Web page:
fbpx

Officials discuss COVID-19 vaccine deliveries, prioritization criteria

There’s been significant progress in getting the COVID-19 vaccines out to the states, said Army Gen. Gustave F. Perna, the chief operating officer of Operation Warp Speed.

Thus far, 25 million doses of the Moderna and the Pfizer Inc.-BioNTech vaccines have been sent to 16,000 locations throughout the United States, he said.

Perna; Dr. Robert Redfield, director of the Centers for Disease Control and Prevention; Dr. Moncef Slaoui, chief advisor to OWS; and, Alex M. Azar II, secretary of the Department of Health and Human Services, briefed the news media Jan. 13, 2021, on Operation Warp Speed.

“The cadence of allocations, the cadence of orders, the cadence of picking and packing, the cadence of what’s being shipped, has really become a remarkable feat for all of us, and the whole of America to be proud of,” Perna said. “The result will be a safe and effective vaccine delivered to the American people.”

A technician loads a syringe with the COVID-19 vaccine for inoculating personnel at Wright-Patterson Air Force Base, Ohio, Jan. 5, 2021. Officials at the base are currently vaccinating health care providers, support staff, emergency services and public safety personnel. (Air Force photograph by Wesley Farnsworth)

OWS, in collaboration with pharmacies Walgreens and CVS have made significant progress in getting vaccines out to many of the 70,000 skilled nursing and assisted living facilities, he said. 

In less than a month, 11,000 of those facilities have received the first dose of vaccines, he said, and 12,000 more are scheduled this week, with similar numbers for the weeks following.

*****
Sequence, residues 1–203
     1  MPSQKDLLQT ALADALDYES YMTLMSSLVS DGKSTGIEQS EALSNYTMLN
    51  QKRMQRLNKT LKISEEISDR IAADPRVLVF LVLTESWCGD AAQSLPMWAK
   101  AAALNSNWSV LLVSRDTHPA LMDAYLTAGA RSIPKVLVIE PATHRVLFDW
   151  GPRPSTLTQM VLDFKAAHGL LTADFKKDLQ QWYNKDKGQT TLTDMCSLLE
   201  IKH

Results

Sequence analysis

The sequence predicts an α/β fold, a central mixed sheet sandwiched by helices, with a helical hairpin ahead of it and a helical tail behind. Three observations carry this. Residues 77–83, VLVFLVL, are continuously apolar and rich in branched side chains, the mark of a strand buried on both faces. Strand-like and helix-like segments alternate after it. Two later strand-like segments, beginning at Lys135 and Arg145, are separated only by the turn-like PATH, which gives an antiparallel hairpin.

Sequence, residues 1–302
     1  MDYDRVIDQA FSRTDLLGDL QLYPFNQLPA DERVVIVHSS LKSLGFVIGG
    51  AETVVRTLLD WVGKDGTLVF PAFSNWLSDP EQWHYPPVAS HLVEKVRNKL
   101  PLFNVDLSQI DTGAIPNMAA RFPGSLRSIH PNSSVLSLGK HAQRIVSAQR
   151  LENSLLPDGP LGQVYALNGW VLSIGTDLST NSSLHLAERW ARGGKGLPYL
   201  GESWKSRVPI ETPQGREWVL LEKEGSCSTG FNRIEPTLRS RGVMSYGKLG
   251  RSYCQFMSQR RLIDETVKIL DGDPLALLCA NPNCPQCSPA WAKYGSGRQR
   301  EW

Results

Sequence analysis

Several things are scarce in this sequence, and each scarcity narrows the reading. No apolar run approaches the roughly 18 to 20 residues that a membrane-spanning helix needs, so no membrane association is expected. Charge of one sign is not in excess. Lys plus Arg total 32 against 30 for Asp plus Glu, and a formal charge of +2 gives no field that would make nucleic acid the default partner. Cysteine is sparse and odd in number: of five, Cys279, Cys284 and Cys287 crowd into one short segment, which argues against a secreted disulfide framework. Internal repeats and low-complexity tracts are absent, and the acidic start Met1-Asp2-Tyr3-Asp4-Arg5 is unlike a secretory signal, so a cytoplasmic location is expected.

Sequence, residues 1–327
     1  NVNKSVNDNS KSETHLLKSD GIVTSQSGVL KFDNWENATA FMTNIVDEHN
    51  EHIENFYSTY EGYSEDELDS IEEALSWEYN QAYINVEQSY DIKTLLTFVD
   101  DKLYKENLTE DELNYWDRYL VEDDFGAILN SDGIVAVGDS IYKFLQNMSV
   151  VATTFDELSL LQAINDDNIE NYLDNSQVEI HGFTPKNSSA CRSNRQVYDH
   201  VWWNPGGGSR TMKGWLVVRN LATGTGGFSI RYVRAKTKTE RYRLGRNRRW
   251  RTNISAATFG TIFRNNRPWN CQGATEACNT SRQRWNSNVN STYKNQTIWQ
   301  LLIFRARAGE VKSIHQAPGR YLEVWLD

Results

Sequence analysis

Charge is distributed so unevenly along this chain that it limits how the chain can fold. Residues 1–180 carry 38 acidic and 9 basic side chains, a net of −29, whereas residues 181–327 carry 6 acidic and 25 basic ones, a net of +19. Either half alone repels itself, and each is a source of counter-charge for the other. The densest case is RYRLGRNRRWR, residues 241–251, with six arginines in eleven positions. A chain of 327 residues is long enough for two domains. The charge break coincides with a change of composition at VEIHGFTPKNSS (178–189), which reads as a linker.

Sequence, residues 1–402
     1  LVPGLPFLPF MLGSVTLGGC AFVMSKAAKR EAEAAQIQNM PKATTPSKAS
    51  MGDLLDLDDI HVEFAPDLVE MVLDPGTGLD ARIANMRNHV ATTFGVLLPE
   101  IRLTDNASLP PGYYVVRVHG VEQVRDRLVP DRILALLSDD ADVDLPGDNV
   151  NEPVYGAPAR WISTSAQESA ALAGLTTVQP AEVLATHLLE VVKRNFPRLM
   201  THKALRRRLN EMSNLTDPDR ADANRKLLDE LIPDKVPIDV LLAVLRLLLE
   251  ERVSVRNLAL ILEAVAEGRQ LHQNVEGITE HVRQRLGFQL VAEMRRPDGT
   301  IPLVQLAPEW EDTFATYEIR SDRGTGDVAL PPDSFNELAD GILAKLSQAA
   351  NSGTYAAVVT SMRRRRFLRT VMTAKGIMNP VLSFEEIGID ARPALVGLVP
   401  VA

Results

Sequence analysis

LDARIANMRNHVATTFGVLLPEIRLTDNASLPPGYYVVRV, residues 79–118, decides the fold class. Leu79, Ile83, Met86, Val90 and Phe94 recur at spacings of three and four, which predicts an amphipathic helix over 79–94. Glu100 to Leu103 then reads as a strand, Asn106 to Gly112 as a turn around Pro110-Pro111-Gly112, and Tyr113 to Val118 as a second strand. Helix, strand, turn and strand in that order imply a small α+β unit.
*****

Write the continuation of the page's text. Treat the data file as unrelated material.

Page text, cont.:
Perna acknowledged the hard work of Moderna, Pfizer, distributor McKesson Corp., United Parcel Service, Inc. and FedEx Corp., who he said are working 24 hours a day, seven days a week to deliver the vaccine in a timely manner.

Azar said that “we’ve seen substantial rises in American’s confidence in these vaccines and interest in taking them.”

Air Force Tech. Sgt. Robert Smalling, the 673d Healthcare Operations Squadron noncommissioned officer in charge of family health, administers the first of a two-dose series of a COVID-19 vaccine to Air Force Chief Master Sgt. Kristopher Berg, the Alaskan North American Aerospace Defense Command Region, Alaskan Command and Eleventh Air Force command chief, at Joint Base Elmendorf-Richardson, Alaska, Jan. 4, 2021. (Air Force photograph by Airman 1st Class Samuel Colvin)

Over the last several days, Operation Warp Speed has averaged around 700,000 reported vaccinations each day and is on track to reach 1 million per day within about 10 days or less, he said. A total of 9 million first vaccinations have already been given.

By the end of next week, 95% of long-term care facilities will have had first dose vaccines administered, Azar added.

Azar said he’s telling states to allow people 65 and older to now receive the vaccine, as well as those who are younger and who have a comorbidity with medical documentation.

“We’re expanding the groups getting vaccinated because state restrictions on eligibility have obstructed speed and accessibility of administration,” he explained.

“There was never a reason states needed to complete vaccinating all healthcare providers before opening vaccinations to older Americans and other vulnerable populations,” he added.
 
 
 

Get Breaking Aerospace News Sent To Your Inbox! We Never Spam


By submitting this form, you are consenting to receive marketing emails from: Aerotech News and Review, 220 E. Ave. K-4, Lancaster, CA, 93535, http://www.aerotechnews.com. You can revoke your consent to receive emails at any time by using the SafeUnsubscribe® link, found at the bottom of every email. Emails are serviced by Constant Contact

More Stories

On this Date
By Aerotech News & Review
Headlines — November 24
By Aerotech News & Review